Callisto and Arcas

Hera also figures in the myth of Callisto and Arcas.

A follower of Artemis, Callisto took a vow to remain a virgin. But Zeus fell in love with her and disguised himself as Apollo in order to lure her into his embrace. Hera then turned Callisto into a bear out of revenge. Later, Callisto's son with Zeus, Arcas, nearly killed her in a hunt and Zeus placed them up in the clouds in the beautiful heavens. An alternate version: One of Artemis' companions, Callisto lost her virginity to Zeus, who had come disguised as Artemis. Enraged, Artemis changed her into a bear. Callisto's son, Arcas, nearly killed his mother while hunting, but Zeus or Artemis stopped him and placed them both in the sky as Ursa Major and Ursa Minor.

Hera was not pleased with the placement of Callisto and Arcas in the sky, so she asked her nurse, the Tethys to help. Tethys, a marine goddess, cursed the constellations to forever circle the sky and never drop below the horizon, hence explaining why they are circumpolar.


Semele Dionysus

Dionysus was a son of Zeus by a mortal woman. A jealous Hera again attempted to kill the child, this time by sending Titans to rip Dionysus to pieces after luring the baby with toys. Though Zeus drove the Titans away with his thunderbolts but only after the Titans ate everything but the heart, which was saved, variously, by Athena, Rhea, or Demeter. Zeus used the heart to recreate Dionysus and implant him in the womb of Semele, hence he was again "the twice-born". Sometimes it was said that he gave Semele the heart to eat to impregnate her. Some people think Hera was the one to kill Semele, but it was Zeus who did. But Dionysus managed to rescue her from the underworld and have her live on Mount Olympus.


Io

Hera almost caught Zeus with a mistress named Io, a fate avoided by Zeus turning Io into a beautiful white heifer. However, Hera was not completely fooled and demanded Zeus give her the heifer as a present.

Once Io was given to Hera, she placed her in the charge of Argus to keep her separated from Zeus. Zeus then commanded Hermes to kill Argus, which he did by lulling all one-hundred eyes to sleep. Hera sent a gadfly to sting Io as she wandered the earth. Eventually Io was driven to the ends of the earth, Egypt, where the Egyptians saw her and worshipped her as a goddess.


Lamia

Lamia was a queen of Libya, whom Zeus loved. Hera turned her into a monster and murdered their children. Or, alternately, she killed Lamia's children and the grief turned her into a monster. Lamia was cursed with the inability to close her eyes so that she would always obsess over the image of her dead children. Zeus gave her the gift to be able to take her eyes out to rest, and then put them back in. Lamia was envious of other mothers and ate their children.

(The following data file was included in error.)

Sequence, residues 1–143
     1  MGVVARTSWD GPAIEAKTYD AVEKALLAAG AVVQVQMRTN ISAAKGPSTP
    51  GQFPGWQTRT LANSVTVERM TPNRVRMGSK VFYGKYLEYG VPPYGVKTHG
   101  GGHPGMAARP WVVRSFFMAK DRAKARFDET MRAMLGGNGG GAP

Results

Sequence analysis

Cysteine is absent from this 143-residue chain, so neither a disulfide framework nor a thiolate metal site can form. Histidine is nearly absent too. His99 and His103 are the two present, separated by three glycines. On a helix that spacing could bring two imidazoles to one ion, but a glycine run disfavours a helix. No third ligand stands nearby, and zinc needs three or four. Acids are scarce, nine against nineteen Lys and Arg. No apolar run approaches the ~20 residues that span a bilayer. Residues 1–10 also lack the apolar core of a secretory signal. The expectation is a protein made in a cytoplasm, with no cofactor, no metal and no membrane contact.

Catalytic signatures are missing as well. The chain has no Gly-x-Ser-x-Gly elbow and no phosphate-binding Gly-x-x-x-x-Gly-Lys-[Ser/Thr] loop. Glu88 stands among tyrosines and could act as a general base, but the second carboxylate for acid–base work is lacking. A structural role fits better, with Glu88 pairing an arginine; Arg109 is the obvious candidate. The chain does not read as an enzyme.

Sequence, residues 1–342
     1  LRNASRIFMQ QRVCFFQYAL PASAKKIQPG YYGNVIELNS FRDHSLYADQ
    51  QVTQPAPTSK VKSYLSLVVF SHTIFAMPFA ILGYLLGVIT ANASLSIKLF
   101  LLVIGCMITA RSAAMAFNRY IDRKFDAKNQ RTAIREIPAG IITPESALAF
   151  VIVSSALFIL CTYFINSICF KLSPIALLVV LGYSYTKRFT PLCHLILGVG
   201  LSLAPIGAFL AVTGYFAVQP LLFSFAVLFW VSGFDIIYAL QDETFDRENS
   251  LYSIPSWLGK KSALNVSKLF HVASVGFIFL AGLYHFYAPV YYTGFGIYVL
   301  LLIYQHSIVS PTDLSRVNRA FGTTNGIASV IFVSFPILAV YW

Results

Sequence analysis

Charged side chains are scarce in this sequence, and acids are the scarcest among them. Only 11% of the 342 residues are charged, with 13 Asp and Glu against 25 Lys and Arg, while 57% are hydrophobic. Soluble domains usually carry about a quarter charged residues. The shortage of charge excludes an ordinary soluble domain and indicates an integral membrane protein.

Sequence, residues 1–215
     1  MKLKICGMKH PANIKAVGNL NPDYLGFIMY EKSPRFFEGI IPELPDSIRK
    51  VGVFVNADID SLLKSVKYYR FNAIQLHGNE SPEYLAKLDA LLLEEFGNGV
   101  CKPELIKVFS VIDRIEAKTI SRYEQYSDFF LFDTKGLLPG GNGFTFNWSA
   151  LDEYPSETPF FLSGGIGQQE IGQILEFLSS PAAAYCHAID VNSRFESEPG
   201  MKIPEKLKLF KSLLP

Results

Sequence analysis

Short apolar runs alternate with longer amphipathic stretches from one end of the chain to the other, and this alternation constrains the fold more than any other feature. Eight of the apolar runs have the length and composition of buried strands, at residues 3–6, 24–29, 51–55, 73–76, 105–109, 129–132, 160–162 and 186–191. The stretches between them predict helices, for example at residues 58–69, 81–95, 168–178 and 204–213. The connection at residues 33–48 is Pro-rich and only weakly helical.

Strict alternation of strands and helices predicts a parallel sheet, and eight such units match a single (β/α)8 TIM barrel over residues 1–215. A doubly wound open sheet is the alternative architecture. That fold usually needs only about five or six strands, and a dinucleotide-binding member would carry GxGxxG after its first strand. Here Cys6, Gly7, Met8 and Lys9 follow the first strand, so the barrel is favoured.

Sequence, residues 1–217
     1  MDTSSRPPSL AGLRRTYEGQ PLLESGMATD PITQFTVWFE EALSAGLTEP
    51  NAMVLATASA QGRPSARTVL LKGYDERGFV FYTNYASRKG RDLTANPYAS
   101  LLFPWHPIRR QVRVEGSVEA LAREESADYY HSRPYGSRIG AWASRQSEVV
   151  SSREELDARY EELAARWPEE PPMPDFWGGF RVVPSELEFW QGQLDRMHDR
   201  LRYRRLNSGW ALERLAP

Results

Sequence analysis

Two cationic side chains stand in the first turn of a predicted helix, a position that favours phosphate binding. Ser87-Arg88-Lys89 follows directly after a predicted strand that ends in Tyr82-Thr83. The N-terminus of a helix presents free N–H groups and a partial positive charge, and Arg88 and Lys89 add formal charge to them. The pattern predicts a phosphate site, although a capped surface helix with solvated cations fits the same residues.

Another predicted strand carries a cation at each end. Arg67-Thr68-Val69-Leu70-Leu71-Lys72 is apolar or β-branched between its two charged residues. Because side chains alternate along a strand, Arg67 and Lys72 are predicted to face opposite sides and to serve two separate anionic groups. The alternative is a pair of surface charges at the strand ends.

The Goddess and Children

Though she presides over the right arrangements of the marriage and is the archetype of the union in the marriage bed, she is not as notable as mother. The legitimate offspring of her union with Zeus is Ares, Hebel (the goddess of youth), Eris (the goddess of discord) and Eileithyia (goddess of childbirth). Hera was jealous of Zeus' giving birth to Athen without recourse to, so she gave birth to Hephaestus without him, though this version is debatable. According to the latest, Zeus and Hera were both parents of Hephaestus and so disgusted with his ugliness that they threw him from Mount Olympus. As another alternative version, Hera gave birth to all of the children usually accredited to her and Zeus together, alone by beating her hand on the Earth, a solemnizing action for the Greeks.

Hephaestus gained revenge against Hera for rejecting him by making her a magical throne which, when she sat on it, didn't allow her to leave it. The other gods begged Hephaestus to return to Olympus to let her go but he repeatedly refused. Dionysus got him drunk and took him back to Olympus on the back of a mule. Hephaestus released Hera after being given Aphrodite as wife.


Symbol

Hera is the symbol of jealousy, often persecuting Zeus's mistresses and children. She’s also the symbol of revenge for she never forgot an injury and was known for her vindictive nature.

Angry with the Trojan prince Paris for preferring Aphrodite, goddess of love, to herself, Hera aided the Greeks in the Trojan War and was not appeased until Troy was finally destroyed.


References

  • Burkert Walter, Greek Religion 1985.
  • Burkert, Walter, The Orientalizing Revolution: Near Eastern Influence on Greek Culture in the Early Archaic Age, 1998.
  • Ely, Talfourd,’’The Gods of Greece and Rome”, Dover Publications, ISBN 0-486-42798-6.
  • Graves, Robert, The Greek Myths 1955.
  • Kerenyi, Carl]], The Gods of the Greeks 1951.
  • Ruck, Carl A.P., and Staples , The World of Classical Myth 1994.
  • Seznec, Jean, The Survival of the Pagan Gods : Mythological Tradition in Renaissance Humanism and Art, 1953.
  • Slater, Philip E. The Glory of Hera : Greek Mythology and the Greek Family (Boston: Beacon Press) 1968 (Princeton University 1992 ISBN 0-691-00222-3 ) Concentrating on family structure in 5th-century Athens; some of the crude usage of myth and drama for psychological interpreting of "neuroses" is dated.